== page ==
Identity, Turbine Theatre | Review


Identity
Turbine Theatre
Reviewed on Wednesday 11th March 2020 by Olivia Mitchell 
★★★★

Described as a "controversial and captivating masterpiece", Identity endeavours to showcase "society's negative perceptions" and highlight that being true to yourself and owning your insecurities is a way to thrive. With the constant pressures perpetually hurled at us via social media, as well as those around us, it's always important to be reminded that we're not alone in our struggles. This show certainly does that, and it's exciting and innovative in its approach.

Caitlin Elizabeth Taylor opens the piece by battling with a Polaroid camera, continually reaching and then drawing herself away from it. It's from this moment that her battle between hiding and owning her identity begins. Having composed some of the music and spoken word, it's clear from Caitlin's fierce performance that this piece is special to her. She boldly throws herself around and strikes a great balance between aggressive stress and introspective peace.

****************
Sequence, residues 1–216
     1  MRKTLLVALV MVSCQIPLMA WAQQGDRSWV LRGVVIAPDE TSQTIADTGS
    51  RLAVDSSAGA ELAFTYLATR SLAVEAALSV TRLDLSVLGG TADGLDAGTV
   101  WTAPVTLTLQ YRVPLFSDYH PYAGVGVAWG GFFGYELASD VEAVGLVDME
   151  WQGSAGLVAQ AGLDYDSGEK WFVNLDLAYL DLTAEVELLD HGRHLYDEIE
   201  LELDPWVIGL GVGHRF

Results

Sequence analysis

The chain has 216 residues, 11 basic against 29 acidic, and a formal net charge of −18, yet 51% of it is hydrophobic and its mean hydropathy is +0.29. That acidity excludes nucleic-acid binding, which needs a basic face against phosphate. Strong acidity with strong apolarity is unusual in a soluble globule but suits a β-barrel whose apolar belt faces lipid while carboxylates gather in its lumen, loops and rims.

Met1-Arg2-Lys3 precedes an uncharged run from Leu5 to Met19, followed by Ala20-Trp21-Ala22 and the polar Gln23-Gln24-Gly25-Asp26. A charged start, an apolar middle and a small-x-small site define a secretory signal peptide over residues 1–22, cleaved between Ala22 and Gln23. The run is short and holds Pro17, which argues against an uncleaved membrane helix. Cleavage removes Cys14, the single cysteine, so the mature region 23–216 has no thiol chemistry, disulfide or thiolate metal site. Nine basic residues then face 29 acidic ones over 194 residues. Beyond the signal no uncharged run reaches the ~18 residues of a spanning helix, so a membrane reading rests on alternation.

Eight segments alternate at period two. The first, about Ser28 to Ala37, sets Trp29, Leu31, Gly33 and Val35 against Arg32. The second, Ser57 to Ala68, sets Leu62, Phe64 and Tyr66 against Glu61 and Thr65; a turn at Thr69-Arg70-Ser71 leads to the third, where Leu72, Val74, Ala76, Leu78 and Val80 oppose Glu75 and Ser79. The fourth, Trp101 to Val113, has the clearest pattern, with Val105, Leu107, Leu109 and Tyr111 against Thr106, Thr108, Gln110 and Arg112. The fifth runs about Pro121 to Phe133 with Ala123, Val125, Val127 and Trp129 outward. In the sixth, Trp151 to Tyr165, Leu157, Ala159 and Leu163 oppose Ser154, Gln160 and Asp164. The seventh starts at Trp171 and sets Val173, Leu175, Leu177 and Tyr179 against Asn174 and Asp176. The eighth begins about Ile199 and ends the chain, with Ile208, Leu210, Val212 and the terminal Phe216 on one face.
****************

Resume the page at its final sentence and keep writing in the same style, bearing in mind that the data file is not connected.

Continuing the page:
Whilst Caitlin does an excellent job of leading the show, it's during the ensemble (made up of Callum Sterling, Tinovimbanashe Sibanda, Marina Climent and Luke Cartwright) moments when it really comes to life. The interpretive and super sharp dance numbers are effective and emotive, even if they are a little aloof at times. Visually the way they pulse and leap around stage is exciting, but the use of sound adds another layer. It isn't just the movement that's synchronised but every breath feels as though it's coming from one entity. Equally, this unison makes the moments where the ensemble fall out, even more effective. Christopher Tendai has done a great job of incorporating contemporary dance, with Afro beats to create something which looks and feels stirring.

As well as Caitlin's music, the motion is also accompanied by the incredibly soulful sounds of Sam.G (aka Shekinah Mcfarlane). Her beautifully expressive music is evocative by itself, but when combined with the choreography, a really strong narrative is created.

Over an hour, we are taken on a journey of discovery. This piece finds a solid middle-ground between in your face expression and pared back simplicity. This is in part, thanks to Charlotte McAdam's lighting which is effective throughout; especially during striking strobe light moments where Caitlin's character contorts against the black backdrop.  

Thanks to the killer cast and evident love for the work which is engrained in every moment, this is a great show to experience purely to start up a new conversation about being you. A very promising production, Identity is sure to fire up anyone who watches it and would be a great piece to showcase in schools as a subtle reminder to be a little kinder.

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